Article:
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Arthur Richard Vuolo

November 22, 1919 — October 11, 2015

Arthur Richard Vuolo

Born the fifth child of eight in a loving and close knit Italian family, Arthur R. Vuolo entered the world on November 22, 1919 in Newark, New Jersey. His parents, Mariano and Angelina (Lordi) Vuolo, were newcomers to America who built a full and satisfying life together.  Early in life he “put two clothes pins together” and knew he would pursue a career flying. Inspired by Charles Lindbergh and other aviation legends, he realized that great joy would be found in spending his working life among the clouds. His children recall being among a handful of school-age children who had a parent who actually was excited to go to work. Art graduated at 16 years of age, valedictorian of his high school class, and eager to pursue his dream of being a pilot. To that end, he entered the Navy, earning his wings in 1943.

Art met the love of his life, Amelia Casino, in the summer of 1942 through mutual friends. Married on June 13, 1944, Art and Amy resided in Key West and began a wonderful journey of living in various places, having great adventures and raising their four children. We have fond memories of all four of us going to sleep in the back of a station wagon and waking up ten hours later in New Jersey, where we often spent vacation time walking the boardwalk, playing in the sand and surf of the Atlantic ocean and developing deep and abiding close family ties with our wonderful, diverse and sometimes eccentric extended Italian family. Dad loved to drive and was obsessed with the destination, not the journey, so extra stops along the way were not part of the itinerary. While sometimes appearing to be the stern disciplinarian, Dad had a soft heart and showed extraordinary generosity,  kindness and even-handedness to all four of his children. He modeled a “do not interfere” policy that did not invite intrusiveness but always extended help when it was requested.

A man of few words and dry humor, he will be remembered for his “Vuolo-isms” that still pepper our conversations today and keep his memory alive and well.

After retiring in 1979, after 30 years as a corporate pilot for General Motors, he and Amy travelled around the country, often driving their van to visit family or seeing sights best viewed from “blue highways.”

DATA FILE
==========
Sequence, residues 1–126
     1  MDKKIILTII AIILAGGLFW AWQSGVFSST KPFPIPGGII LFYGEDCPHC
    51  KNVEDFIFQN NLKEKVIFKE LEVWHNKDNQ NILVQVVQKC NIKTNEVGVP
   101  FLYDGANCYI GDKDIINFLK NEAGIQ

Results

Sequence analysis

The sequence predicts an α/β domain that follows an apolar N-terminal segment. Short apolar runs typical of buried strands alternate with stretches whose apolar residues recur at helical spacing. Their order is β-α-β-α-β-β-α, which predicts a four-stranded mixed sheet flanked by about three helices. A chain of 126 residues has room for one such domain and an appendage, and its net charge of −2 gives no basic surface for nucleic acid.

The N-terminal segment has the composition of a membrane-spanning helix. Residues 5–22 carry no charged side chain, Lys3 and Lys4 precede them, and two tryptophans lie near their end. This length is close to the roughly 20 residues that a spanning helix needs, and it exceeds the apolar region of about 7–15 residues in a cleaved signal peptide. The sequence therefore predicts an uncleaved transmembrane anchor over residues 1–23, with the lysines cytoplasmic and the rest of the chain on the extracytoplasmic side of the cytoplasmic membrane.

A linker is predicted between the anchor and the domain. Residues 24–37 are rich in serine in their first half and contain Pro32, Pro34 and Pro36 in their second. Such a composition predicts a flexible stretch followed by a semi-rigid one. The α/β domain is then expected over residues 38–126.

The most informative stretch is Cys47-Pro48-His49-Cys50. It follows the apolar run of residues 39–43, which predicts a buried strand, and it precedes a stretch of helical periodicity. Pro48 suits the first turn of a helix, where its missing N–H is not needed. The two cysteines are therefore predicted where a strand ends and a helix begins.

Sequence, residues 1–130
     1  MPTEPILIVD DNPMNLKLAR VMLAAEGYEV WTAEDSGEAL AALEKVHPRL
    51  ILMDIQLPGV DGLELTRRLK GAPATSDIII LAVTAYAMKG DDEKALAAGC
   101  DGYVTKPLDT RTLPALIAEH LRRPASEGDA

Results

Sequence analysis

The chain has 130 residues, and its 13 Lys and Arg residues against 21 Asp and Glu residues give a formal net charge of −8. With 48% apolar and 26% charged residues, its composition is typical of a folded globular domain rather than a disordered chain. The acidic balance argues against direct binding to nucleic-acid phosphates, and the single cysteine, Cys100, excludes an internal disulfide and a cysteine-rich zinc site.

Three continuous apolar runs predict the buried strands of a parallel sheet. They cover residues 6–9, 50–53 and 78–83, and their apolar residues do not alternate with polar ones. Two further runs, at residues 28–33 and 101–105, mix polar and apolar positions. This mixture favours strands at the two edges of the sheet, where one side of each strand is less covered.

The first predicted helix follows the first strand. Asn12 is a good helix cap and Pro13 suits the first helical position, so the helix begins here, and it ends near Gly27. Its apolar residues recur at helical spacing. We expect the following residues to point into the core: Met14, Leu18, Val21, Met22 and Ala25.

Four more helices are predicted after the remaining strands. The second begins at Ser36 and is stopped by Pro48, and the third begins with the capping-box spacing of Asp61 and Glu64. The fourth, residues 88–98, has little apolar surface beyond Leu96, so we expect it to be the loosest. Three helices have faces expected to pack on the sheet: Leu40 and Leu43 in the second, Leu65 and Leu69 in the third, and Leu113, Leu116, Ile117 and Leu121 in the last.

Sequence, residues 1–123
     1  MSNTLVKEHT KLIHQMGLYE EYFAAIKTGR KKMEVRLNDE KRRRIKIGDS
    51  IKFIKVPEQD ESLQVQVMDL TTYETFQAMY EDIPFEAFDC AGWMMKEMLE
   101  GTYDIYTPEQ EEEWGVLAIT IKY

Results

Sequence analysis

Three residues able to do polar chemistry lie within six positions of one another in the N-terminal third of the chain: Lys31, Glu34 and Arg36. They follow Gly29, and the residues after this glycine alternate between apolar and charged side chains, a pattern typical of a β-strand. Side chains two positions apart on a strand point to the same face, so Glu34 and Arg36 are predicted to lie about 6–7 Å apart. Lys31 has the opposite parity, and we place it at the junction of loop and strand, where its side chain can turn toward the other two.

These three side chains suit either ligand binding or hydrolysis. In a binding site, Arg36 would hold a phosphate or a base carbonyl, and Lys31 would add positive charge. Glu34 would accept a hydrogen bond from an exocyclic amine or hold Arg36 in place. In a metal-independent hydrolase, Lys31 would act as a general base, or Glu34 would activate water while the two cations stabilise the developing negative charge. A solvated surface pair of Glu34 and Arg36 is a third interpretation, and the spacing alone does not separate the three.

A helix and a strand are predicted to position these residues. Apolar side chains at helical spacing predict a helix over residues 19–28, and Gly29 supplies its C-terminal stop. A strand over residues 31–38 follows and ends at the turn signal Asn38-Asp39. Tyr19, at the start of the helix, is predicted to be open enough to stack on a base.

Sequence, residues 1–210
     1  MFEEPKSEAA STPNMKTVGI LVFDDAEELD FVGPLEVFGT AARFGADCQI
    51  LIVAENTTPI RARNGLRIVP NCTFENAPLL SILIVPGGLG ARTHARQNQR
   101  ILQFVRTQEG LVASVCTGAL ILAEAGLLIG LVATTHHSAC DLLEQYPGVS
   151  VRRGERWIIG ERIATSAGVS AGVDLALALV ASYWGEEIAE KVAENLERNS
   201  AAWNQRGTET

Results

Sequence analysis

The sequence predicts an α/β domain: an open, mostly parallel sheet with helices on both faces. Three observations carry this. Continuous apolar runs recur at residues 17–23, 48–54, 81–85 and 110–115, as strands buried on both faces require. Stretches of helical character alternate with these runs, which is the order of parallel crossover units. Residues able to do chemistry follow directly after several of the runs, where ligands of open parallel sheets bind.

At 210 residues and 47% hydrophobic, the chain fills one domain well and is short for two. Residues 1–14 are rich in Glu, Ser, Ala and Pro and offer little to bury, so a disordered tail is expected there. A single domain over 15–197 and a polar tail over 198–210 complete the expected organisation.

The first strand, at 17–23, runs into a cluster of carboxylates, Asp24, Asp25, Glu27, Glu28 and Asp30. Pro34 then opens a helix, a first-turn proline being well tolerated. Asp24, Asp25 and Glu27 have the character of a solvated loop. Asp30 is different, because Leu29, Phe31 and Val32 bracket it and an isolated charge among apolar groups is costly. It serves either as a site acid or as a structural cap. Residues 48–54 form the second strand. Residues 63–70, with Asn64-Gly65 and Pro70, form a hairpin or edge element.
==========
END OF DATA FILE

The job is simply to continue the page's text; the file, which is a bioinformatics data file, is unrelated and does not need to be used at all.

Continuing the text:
Leaving Nevada in summer 2013 was not an easy transition for Art and Amy, as Boulder City had evolved into a place where they were rooted and blossomed. They both volunteered for Lend-a-Hand, driving people to appointments, helping them shop and being of service.  Very involved in St. Andrew’s Catholic Church, especially in the Lazarus ministry, they both helped families during times of death, loss and grief.  Dad maintained an “attitude of gratitude” right to the end of his life, thanking his son John each night for sharing his home with him.                                                                                                                                                 

The greatest legacy that Art left behind is the strong bonds of devotion to family. With a twinkle in his eye and a $50 bill crumpled in his hand, he would send his kids off at the airport with the advice, “Get yourself a hamburger.” Yes, indeed, a more generous and humble man would be hard to find.

As young people we were all reminded that “To teach you talk; to learn you listen.” He was convinced that was why we have one mouth and two ears.

A man of deep and abiding faith, he raised four children in the Catholic faith and remained an active member of several churches over the years. Not one to proselytize or push his views, he quietly demonstrated his commitment to God’s word and faithfully followed the tenets of the Church. His love and fidelity to his wife of nearly 70 years clearly expressed his belief that a strong family is the foundation of a strong society. His own brothers and sisters remained in close touch with one another, no matter the distance between them.  This kind of kinship is rare these days but is something that his four children hope to be able to maintain, not just with relatives but with those many friendships that nourish us and keep us strong on life’s journey.

The memories live on and we are grateful to have had our parents for so many years.

As we bid Dad farewell at John’s house in Bellingham, John recited the final verse of a Warren Zevon song with a slight variation on the final line—a prayer for all of us:

Don’t let us get sick

Don’t let us get old

Don’t let us get stupid, all right?

Just make us be brave

And make us play nice

And let us be together tonight (And let Mom and Dad be together tonight)

 

 

 

 

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